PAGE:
By Ben Wilson
As the weather warms up, many of you are already forming strategies to tackle the challenges to your normal routine that summer brings. Perhaps you are excitedly anticipating new adventures, trips, and activities, or maybe you are plotting out cool crafts and fun backyard games to do at home.
Whatever your plans for the coming months, I want to encourage you to use the long days of summer to adjust your routines in ways that will benefit family members all year long. Below are my top four routines to cultivate during the summer months. Pick a favorite and try it out.
Take care of yourself.
Summer is a great time to establish self-care routines, as there is often more flexibility to the family schedule. Exercise, reading, time with friends, and hobbies are great activities for maintaining peace of mind. Identify activities and relationships that would boost your morale and then plan to increase them in your life. Set goals for yourself that are realistic and learn to acknowledge even the slightest amount of progress. If ten minutes a week is all you can manage, celebrate it and strategize to increase that time during the coming weeks. Talk with your family about your self-care needs and ask them for ideas to help your goals become reality. Your kids will see and appreciate the difference it makes in your life.
Create or renew family traditions.
A flexible family schedule during summer also provides a great opportunity to start or renew a family tradition. Family traditions are a great way to stay active, connected, and communicating as a family. If your family has a beloved tradition that was lost due to the busy schedules of the school year, summer is the perfect time to revive it. If your family doesn’t have any traditions yet then family meals and game nights are a great way to start creating one.
Encourage kids to write about their thoughts, feelings, and experiences. Many military children experience a variety of unique transitions, challenges, relationships, triumphs, and cultural experiences they would like to remember and share. Documenting their stories can help children more effectively form and communicate their feelings and thoughts. Journaling is also a great way to keep reading and writing skills sharp during the summer months. For some children, a summer journal will evolve into a life-long self-care tool.
Regular practice ensures that useful skills will be ready and effective when they are most needed. Summer is a particularly good time for skill practice because kids have fewer demands on their time and attention. Giving children specific feedback and praise is also a great way to encourage them to practice and use relaxation skills. Teach and practice the following relaxation skills during your family meetings, and/or bedtime and wake-up routines and your kids will return to school with some great tools to help them stay calm and relaxed.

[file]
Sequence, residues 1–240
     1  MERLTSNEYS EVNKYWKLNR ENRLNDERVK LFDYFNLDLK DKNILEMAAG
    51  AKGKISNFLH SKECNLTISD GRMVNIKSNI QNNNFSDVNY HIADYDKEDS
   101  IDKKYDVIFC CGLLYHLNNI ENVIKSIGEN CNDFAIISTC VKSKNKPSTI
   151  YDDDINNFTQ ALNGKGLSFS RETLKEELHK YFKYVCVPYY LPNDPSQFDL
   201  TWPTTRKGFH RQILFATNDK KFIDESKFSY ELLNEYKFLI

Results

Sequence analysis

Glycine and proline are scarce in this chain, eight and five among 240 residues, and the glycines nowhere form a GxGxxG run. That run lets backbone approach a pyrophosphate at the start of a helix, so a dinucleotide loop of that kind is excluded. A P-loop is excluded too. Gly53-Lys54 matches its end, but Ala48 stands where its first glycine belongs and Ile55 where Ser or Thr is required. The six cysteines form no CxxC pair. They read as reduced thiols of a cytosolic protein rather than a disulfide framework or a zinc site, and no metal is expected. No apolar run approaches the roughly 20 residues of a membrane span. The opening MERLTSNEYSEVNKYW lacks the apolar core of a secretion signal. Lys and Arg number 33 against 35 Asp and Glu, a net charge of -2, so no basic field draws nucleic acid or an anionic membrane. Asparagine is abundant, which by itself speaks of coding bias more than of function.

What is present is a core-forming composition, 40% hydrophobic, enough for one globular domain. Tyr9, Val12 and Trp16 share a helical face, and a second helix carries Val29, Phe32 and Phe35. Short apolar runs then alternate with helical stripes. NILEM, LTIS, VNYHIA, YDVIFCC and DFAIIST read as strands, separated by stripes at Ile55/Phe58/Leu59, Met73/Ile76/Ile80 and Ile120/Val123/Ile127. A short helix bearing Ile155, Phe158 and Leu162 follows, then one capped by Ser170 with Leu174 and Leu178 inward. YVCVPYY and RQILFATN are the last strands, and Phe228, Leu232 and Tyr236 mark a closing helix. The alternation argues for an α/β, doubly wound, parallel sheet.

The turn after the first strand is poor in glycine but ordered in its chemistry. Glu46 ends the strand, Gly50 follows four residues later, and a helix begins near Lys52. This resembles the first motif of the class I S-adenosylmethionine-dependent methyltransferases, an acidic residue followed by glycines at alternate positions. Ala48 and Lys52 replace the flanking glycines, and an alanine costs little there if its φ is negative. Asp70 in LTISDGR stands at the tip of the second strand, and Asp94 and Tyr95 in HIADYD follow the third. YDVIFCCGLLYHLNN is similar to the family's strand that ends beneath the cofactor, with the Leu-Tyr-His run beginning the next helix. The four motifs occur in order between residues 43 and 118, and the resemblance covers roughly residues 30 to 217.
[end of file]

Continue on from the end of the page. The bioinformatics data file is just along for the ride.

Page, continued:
Draw air in slowly in through the nose and out through the mouth. Inflate the belly, not the chest. With younger kids, it may help to hold up a finger and encourage them to “smell a flower” and “blow a bubble.” Repeat as many times as it takes to achieve desired relaxation.
Progressive Muscle Relaxation.
First, tighten foot muscles for 5 seconds. Then relax. Next, tighten the same muscles with greater intensity for another 5 seconds. Then try to relax them more than you did the first time. Progress up the body, repeating these steps for muscle groups in the legs, abdomen, torso, arms, neck, and head.
Picture yourself in your “Happy Place.” This may be a favorite environment, a recent vacation destination, or a place made up in your own imagination.
FOCUS (Families OverComing Under Stress) is a resiliency-building program of the Navy Bureau of Medicine and Surgery (BUMED). FOCUS is an eight-session training program for military families that is grounded in more than two decades of research and experience serving families dealing with stress and changes. FOCUS is specifically adapted for the needs of military couples, children and families and provides training in core resilience skills. These skills increase closeness, support, communication and adaptability. Couples and families learn to work together to manage difficult emotions, set goals and problem solve, communicate clearly and effectively, and develop customized strategies to deal with ongoing stress and change.
For more information about FOCUS, visit us online at www.focusproject.org or www.facebook.com/FOCUSresiliencytraining.
Contact your local FOCUS site today to learn more about FOCUS and to schedule your personalized training sessions.
• Marine and Family Services, Bldg. 13150, Camp Pendleton, 760-859-6079, firstname.lastname@example.org.
• Dolphin Alley, Bldg. 265, NBSD, 619-556-6075, email@example.com.